There is a vast difference between food produced agro-ecologically and that from industrial farming. The produce from industrial agriculture does not have a long shelf life as compared to that from agroecology. Food that is industrially produced poses great danger of contamination from agro-chemicals that come with the practice. It has also been noted that food grown through agroecology tastes far better than that industrially produced.
It is a common myth that agroecology is only suitable for subsistence farming. Indeed agroecology can be scaled up to feed the entire populations. There is evidence nationally and across the world of big commercialised farms which practice only agroecology. In fact it is the only way of farming that can sustain the world with healthy food. There are techniques that can be employed when one is farming agro-ecologically on a medium or large scale. For example, live mulches such as ground covers can be used on big land instead of trying to lay grass or leaves as a mulch. There are also some light equipment that have been developed and are well adaptable to large scale agroecology.
Agroecology is indeed a climate change mitigation measure for the following reasons:
- It promotes afforestation (the planting of trees) instead of deforestation (destruction of trees) which is a common practice in industrial agriculture. Trees are the biggest carbon sinks and hence are valued much in agroecology. Trees are also part of the hydrological/water cycle and play a big role in rainfall received from area to area.
- Agroecology promotes clean forms of energy instead of fossil fuels that contribute a great deal to climate change and global warming.
- It also promotes land reclamation, builds soil resistance to erosion agents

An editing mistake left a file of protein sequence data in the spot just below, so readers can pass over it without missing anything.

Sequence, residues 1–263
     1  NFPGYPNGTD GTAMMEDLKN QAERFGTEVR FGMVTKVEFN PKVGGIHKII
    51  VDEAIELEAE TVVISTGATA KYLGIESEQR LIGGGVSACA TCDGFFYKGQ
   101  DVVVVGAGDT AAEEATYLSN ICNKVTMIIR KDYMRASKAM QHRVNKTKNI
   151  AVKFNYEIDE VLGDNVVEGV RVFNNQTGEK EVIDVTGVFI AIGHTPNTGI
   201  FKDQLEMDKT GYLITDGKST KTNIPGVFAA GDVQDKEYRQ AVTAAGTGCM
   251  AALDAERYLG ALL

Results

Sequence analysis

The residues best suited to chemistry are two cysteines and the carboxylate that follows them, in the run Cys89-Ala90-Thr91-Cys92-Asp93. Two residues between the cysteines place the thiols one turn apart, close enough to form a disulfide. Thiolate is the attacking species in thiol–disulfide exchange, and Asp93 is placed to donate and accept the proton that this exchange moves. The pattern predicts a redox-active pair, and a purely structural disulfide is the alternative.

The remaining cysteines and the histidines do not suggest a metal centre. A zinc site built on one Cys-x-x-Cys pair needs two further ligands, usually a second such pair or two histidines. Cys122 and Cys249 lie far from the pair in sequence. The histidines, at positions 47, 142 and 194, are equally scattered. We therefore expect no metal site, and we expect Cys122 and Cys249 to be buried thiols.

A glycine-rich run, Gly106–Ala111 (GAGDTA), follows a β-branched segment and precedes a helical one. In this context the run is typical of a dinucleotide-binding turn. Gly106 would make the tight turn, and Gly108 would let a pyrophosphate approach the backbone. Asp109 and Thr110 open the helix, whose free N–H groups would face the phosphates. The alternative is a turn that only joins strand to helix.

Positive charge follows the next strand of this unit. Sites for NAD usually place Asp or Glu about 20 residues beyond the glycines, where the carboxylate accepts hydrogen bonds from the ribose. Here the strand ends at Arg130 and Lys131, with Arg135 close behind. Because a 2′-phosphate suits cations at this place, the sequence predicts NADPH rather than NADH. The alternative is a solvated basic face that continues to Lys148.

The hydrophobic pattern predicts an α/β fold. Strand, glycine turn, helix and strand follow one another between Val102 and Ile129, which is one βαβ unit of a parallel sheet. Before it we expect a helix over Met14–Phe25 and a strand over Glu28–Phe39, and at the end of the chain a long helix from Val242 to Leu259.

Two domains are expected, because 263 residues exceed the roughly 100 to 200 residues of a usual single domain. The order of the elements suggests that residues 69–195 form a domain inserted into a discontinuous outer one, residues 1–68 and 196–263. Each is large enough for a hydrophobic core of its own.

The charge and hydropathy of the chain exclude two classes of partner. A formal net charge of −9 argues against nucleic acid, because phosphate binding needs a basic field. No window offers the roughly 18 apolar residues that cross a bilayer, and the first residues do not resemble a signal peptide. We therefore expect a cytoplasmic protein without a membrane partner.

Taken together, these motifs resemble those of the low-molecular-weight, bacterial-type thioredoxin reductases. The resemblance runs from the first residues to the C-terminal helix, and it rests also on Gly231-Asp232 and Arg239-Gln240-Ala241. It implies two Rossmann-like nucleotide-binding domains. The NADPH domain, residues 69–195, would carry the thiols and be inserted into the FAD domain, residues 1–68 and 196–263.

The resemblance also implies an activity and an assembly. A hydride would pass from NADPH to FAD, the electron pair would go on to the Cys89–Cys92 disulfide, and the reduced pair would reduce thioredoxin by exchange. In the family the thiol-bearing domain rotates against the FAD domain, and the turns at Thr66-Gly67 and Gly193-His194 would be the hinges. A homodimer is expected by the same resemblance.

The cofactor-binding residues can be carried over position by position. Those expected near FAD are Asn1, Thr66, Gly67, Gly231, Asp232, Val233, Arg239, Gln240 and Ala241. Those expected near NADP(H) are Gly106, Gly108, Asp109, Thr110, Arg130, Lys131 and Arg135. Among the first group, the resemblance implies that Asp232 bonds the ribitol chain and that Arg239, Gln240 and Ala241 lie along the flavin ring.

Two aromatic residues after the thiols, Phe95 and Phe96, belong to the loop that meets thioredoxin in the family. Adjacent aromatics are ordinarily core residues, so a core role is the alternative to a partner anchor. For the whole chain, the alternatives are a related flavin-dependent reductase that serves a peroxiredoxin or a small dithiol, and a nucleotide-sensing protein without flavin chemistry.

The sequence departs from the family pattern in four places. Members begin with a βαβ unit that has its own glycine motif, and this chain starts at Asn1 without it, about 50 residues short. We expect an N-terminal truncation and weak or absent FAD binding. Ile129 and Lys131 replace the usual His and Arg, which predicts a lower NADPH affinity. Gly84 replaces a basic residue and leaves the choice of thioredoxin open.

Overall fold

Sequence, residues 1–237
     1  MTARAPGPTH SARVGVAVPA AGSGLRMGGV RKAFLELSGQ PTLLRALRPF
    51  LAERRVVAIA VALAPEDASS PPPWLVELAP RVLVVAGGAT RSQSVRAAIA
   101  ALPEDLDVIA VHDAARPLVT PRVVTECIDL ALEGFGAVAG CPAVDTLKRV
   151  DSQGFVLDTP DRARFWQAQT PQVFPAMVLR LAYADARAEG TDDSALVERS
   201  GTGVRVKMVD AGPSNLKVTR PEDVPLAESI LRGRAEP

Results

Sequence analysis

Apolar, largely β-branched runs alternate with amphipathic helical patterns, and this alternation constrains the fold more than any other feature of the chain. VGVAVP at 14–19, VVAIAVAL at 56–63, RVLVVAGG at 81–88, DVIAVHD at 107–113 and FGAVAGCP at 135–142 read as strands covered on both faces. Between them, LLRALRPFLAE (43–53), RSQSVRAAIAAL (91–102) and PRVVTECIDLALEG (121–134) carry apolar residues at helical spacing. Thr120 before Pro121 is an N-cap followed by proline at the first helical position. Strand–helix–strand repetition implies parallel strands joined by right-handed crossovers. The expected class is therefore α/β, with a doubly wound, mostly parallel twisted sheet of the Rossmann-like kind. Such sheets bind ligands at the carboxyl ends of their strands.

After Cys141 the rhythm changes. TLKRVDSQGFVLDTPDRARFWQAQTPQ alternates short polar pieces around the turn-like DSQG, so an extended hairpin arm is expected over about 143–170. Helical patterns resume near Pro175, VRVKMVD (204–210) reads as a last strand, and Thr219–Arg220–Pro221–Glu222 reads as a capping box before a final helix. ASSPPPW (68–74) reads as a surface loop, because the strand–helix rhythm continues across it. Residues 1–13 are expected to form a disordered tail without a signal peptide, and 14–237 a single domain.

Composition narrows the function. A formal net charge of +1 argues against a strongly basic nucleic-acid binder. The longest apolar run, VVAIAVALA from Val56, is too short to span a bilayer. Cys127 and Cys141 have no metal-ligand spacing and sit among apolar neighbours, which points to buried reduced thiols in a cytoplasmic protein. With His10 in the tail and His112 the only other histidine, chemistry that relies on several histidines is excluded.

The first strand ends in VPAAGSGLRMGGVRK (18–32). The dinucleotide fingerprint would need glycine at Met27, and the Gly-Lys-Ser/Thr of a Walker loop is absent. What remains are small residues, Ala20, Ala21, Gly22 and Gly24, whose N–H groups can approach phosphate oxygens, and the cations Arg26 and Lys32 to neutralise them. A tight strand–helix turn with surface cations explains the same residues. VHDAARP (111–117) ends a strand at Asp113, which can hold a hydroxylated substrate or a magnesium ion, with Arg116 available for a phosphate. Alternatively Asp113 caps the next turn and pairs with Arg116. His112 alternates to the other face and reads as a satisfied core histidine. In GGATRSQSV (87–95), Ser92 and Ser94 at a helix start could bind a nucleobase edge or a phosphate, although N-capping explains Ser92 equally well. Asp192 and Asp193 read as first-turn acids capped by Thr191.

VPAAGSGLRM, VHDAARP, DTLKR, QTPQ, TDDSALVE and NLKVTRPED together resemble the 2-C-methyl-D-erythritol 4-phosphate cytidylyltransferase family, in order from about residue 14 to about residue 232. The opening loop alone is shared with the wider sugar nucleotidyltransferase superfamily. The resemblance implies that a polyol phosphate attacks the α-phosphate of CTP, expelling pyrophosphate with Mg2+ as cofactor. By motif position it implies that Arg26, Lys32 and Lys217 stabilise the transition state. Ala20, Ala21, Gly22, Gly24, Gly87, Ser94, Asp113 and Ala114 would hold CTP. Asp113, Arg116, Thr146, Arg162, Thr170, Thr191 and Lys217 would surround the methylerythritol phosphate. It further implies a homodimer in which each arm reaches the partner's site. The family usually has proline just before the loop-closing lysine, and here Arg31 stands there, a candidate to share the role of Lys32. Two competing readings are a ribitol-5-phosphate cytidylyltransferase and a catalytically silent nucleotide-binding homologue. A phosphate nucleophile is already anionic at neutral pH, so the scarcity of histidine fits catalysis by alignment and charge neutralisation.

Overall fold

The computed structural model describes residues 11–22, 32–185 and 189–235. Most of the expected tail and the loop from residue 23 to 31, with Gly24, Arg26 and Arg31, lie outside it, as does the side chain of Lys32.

- Heavy agro-chemicals used in industrial agriculture are responsible, among others to accumulation of greenhouse gasses.
Unfortunately, very few governments in Africa and the rest of the world are for agroecology. The majority of governments support industrial agriculture through dodgy deals with multinational corporates that manufacture agro-chemicals, genetically modified (GM) seeds and are responsible for massive land grabbing, which leaves the rural poor landless.
Agroecology relies on traditional knowledge: The bases of agro-ecology are the practices and the knowledge of smallholder farmers and peasants, accumulated and adapted from generation to generation for many years.
Agroecology also uses new knowledge: Smallholder farmers have always improved their farming by adapting to their environments. However, smallholder farmers also face many problems, including the current challenges posed by climate change. Thus, new research and knowledge can help to improve their farming, as well as their socio-economic conditions and living standards.
Agroecology uses a range of practices: For example, agro-ecology promotes mulching; multi- cropping; intercropping; crop rotation; cover crops and green manures; using traditional seeds; minimum tillage; agro-forestry; integrated crop-livestock mixtures; etc. We will look at these issues in some detail in this manual.
Agroecology is site-specific: This means that we cannot just transfer technologies from one site to another because the local conditions may be different. Therefore, it is important for us to understand the PRINCIPLES (rather than just the technologies) associated with agro-ecology.
Farmers exchange and improve their knowledge of agro-ecology: Farmers can learn from each other by sharing experiences through farmer-to-farmer exchanges. They can then experiment, applying on their own farms practices and techniques developed by other farmers. In addition, farmers can get assistance from researchers and agro-ecologists.
Farmers must advocate for a new research agenda: The dominant agricultural research is oriented to the production of commodities and favour large-scale investments. Agro-ecology insists that the new research agenda must be oriented towards understanding the needs and ecological contexts of smallholder farmers. They need the support of agriculturalists and scientists involved in research in agro-systems to help them cope with new conditions such as climate change and to ensure they are kept abreast of new ideas and techniques that can improve the practice of agro- ecology.